Oval Score

Who wudda thunk that shops would be re-ordering jumpers in a spring summer season?  Cue a sexy Marks & Spencer food voice because "This isn't just any old ordinary jumper.  This is a Jonathan Saunders oval knit jumper."  Can you hear the seductive tone oozing out of my voice?  Are you creaming yourself yet?  You might do by the time you've scrolled to the end of this post.  

Net-a-Porter is the stockist biggie who has just re-ordered this special Saunders jumper because people can't seem to get enough of his waffly knits in pastel hues.  Holli Rogers, NAP's fashion director explains why.  "Jonathan Saunders has a loyal customer base who go to him season-on-season for his beautiful silk prints and clever use of color. For spring summer his collection was a confection of candy and fit perfectly with the mood of the season. These minimalistic waffle knit sweaters in jade and blush felt really fresh. Coupled with a fantastic price point, we knew our customers would absolutely love them. Giving a subtle nod to the pastel trend, the sweaters are easy to wear and a go with everything staple.  Also, with novelty knits a key trend for fall, they are a great transition piece that will see you through to next season."  

Rogers is spot on about the loyal customer base as in the last couple of seasons, I've seen Jonathan Saunders pop up a lot more physically on the streets.  Easy to grab components such as Saunders' knitwear and his jersey line have been important to this consumer spike.  A/W 11 was the season where Saunders was properly able to explore knitwear having found the right manufacturer.  Then it was just a case of developing distinctive textures such as S/S 12's oval knit, and last season's A/W 11-2 herringbone knit and incorporating them into the narrative of his collections.  I spoke to the man himself about how he has segued into knitwear as a designer who is primarily focused in print.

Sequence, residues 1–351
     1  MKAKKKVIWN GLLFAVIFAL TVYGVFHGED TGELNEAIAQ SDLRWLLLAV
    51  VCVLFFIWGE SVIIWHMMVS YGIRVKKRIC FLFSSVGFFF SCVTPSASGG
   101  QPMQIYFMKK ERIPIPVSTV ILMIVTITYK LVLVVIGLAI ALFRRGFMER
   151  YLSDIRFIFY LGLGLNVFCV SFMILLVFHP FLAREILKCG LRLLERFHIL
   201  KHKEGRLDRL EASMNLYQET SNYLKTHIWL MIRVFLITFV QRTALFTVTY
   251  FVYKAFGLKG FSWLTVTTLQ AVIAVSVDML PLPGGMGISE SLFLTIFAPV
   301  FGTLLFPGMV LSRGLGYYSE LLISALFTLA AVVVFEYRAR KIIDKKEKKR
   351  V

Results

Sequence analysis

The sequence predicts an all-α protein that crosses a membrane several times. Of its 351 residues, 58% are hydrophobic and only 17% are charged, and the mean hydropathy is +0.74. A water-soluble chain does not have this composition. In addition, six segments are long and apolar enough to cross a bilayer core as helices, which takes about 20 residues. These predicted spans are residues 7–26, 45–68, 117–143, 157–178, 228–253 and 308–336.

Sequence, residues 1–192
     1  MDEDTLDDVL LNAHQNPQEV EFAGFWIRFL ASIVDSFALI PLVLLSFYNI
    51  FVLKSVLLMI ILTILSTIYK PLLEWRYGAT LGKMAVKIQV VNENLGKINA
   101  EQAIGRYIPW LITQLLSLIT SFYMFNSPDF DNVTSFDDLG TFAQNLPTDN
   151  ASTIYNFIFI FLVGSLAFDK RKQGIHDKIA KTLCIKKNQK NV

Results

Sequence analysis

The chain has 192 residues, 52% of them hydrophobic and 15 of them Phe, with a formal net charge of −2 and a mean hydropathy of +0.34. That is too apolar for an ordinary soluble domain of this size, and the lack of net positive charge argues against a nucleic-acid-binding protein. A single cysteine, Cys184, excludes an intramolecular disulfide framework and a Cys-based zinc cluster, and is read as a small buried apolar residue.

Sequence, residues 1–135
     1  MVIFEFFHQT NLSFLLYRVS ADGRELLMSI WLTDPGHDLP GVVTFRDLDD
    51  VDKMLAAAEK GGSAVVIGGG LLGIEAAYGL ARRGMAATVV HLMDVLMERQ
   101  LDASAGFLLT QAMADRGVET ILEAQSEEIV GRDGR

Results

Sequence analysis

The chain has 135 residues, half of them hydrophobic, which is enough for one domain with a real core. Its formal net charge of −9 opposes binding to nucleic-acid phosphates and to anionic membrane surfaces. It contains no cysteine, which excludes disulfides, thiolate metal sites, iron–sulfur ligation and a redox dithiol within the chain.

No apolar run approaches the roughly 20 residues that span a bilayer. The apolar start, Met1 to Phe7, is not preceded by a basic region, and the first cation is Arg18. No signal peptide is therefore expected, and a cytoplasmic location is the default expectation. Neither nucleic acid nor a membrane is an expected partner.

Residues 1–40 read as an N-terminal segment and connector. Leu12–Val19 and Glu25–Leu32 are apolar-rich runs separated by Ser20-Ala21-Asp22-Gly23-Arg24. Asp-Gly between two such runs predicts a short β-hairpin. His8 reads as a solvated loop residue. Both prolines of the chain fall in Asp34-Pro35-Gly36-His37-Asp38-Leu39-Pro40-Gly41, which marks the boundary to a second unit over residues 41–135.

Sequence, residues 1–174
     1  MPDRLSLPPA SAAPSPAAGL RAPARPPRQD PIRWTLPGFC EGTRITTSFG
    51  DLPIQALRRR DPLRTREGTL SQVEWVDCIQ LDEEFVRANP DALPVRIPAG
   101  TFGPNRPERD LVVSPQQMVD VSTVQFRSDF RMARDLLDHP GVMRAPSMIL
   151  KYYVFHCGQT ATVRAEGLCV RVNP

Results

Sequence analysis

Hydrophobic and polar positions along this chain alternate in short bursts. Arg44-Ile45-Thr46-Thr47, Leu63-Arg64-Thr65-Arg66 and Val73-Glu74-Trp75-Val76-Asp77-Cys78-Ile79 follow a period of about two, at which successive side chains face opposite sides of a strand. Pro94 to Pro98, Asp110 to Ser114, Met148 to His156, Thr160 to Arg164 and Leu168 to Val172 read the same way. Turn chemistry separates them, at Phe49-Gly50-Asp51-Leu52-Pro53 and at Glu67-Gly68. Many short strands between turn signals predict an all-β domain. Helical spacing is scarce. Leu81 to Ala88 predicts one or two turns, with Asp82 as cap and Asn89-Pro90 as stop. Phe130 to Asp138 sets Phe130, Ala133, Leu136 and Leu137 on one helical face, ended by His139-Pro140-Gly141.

"All of these textures are an extension of the print process. I love making things anyway. Knit adds another texture to the collection. It allows me to play with combinations of a colour in a way that doesn't necessarily work with a print design. There is always an element of surprise when designing knitwear, the graphic design that creates the texture always then transforms into something new once knitted. I think sometimes it's interesting when you are not trained within a field. I think we approach the technique in a different way and that's perhaps why the simplicity of our knits have worked."

The oval knit comes in colour ways of sherbet orange, mint green, white flecked with peach and green and a royal and navy blue flecked with grey and it is precisely these colour compositions of two or three yarns in the pattern that aligns with the way Saunders composes his prints.  Rather than being the sideline act in his collections, his knitwear can play a starring role.  "Knitwear will always be an integral part of the collections, both mens and womenswear, because it captures the sense of easiness that I believe the direction of our brand should go in. The notion of throwing something on and the importance of separates and daywear is core to what we do."